Colour guides

The past two months, I’ve been busy testing micas, pigments and lakes in cold process soaps and bath bombs. I’ve blogged about it, but to make it easier for you to find these posts, I’ve created some colour guides for you to use and download.¬†

The colour purple

The last in the mica colour test series, purple is particular important for the ever popular lavender soap. However, it has always been a difficult colour to achieve in cold process soap, one reason many soap makers turn to micas for this colour.

Soap making and bath bombs

Teaching is such a wonderful experience and I love to share my passion of making soaps and bath bombs with others. Often people come to these courses not really expecting much from themselves, but then¬†they get all excited when they find out that soap making isn’t all that difficult and that they are very capable of creating some pretty amazing soaps themselves.

Got the blues?

Three blue micas, so similar in colour, yet result in very different shades of blue in cold process soap. It’s always good to test your micas before using it in soap making as this week’s test clearly showed.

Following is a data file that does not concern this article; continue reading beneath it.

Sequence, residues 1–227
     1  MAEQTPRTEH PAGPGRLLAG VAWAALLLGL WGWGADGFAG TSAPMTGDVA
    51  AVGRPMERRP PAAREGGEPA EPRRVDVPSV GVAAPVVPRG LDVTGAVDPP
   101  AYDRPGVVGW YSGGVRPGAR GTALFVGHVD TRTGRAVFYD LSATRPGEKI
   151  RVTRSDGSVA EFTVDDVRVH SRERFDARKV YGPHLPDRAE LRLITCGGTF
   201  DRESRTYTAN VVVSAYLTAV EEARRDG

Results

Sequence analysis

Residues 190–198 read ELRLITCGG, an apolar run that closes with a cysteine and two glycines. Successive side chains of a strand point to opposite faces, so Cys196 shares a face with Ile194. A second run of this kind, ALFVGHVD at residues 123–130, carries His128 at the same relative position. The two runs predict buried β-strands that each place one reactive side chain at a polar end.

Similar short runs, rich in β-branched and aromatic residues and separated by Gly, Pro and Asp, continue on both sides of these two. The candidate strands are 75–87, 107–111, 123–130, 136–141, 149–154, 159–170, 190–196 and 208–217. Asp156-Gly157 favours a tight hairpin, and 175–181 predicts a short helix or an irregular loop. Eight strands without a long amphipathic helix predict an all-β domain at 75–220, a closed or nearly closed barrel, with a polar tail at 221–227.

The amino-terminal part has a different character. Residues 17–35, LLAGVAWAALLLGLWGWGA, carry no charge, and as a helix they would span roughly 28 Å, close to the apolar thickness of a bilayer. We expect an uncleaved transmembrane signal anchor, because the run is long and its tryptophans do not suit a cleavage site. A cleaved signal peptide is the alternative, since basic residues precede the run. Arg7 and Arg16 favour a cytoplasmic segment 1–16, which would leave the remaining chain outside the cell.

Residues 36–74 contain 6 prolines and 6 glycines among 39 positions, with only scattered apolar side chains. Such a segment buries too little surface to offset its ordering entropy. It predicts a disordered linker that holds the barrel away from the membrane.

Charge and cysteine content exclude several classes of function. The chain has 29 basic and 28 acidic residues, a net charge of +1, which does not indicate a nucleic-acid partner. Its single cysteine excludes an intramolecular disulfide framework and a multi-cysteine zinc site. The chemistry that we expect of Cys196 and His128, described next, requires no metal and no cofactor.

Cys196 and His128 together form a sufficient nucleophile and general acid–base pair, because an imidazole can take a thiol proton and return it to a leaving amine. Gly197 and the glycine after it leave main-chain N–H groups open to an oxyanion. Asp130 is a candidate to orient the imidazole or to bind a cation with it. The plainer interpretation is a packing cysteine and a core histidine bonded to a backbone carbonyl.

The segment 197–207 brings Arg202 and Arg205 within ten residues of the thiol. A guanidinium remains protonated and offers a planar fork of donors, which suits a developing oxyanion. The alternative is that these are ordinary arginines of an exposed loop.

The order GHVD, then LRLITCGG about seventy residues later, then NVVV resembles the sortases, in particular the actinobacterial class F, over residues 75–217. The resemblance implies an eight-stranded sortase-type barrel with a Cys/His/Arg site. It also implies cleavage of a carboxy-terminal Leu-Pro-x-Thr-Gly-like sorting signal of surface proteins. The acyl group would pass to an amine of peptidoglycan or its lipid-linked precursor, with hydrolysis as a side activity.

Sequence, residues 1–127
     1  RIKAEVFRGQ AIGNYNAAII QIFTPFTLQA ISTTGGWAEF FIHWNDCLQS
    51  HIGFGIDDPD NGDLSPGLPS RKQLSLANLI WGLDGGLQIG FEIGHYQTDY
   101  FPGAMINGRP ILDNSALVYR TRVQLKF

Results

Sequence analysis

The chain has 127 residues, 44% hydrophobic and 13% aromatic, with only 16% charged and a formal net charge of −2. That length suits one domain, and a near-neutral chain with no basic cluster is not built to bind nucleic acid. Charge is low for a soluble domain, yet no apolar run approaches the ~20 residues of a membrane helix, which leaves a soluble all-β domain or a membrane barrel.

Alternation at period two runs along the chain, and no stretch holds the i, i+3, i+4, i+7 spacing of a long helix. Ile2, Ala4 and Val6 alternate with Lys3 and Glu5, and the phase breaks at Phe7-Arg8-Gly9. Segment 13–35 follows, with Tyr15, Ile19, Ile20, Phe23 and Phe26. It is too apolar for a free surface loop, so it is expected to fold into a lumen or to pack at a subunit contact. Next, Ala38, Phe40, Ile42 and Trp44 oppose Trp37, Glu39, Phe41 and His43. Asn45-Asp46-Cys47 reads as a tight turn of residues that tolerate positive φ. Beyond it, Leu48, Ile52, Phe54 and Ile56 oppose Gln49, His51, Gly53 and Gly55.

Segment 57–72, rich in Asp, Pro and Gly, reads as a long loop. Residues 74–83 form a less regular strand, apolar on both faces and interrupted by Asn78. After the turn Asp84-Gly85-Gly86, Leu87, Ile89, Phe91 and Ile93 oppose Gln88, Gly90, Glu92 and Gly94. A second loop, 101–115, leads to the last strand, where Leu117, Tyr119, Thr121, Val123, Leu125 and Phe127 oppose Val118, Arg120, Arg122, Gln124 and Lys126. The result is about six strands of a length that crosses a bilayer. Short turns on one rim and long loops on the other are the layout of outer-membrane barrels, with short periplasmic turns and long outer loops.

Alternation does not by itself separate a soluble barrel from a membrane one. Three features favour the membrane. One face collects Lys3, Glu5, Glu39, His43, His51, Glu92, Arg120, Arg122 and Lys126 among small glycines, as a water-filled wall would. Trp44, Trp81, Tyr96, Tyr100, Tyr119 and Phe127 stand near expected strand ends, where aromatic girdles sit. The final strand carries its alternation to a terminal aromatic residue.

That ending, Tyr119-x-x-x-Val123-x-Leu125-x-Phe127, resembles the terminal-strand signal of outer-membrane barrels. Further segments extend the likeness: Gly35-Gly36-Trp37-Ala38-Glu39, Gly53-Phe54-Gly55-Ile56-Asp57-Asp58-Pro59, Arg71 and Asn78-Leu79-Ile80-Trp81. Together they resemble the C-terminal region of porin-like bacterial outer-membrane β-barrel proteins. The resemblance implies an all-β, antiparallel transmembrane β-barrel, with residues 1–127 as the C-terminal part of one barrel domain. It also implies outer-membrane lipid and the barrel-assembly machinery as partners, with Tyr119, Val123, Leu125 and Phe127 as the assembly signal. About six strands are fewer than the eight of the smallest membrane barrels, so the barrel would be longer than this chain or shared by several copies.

Beautiful greens

Beautiful greens in four different shades covering the whole spectrum. There is a yellow-green of apples, a grey-green of evergreen fir trees, a gorgeous blue-green shade, and a pale green that would work perfect as a base colour in a soap design.

Mica swirling technique

Creating swirly mica tops on your soaps looks a lot harder than it is, and the result is simply stunning! The surface of the soap is usually a just as important as the soap itself, and learning a technique that will create beautiful tops is very handy, especially since it leaves a lot of room for creativity.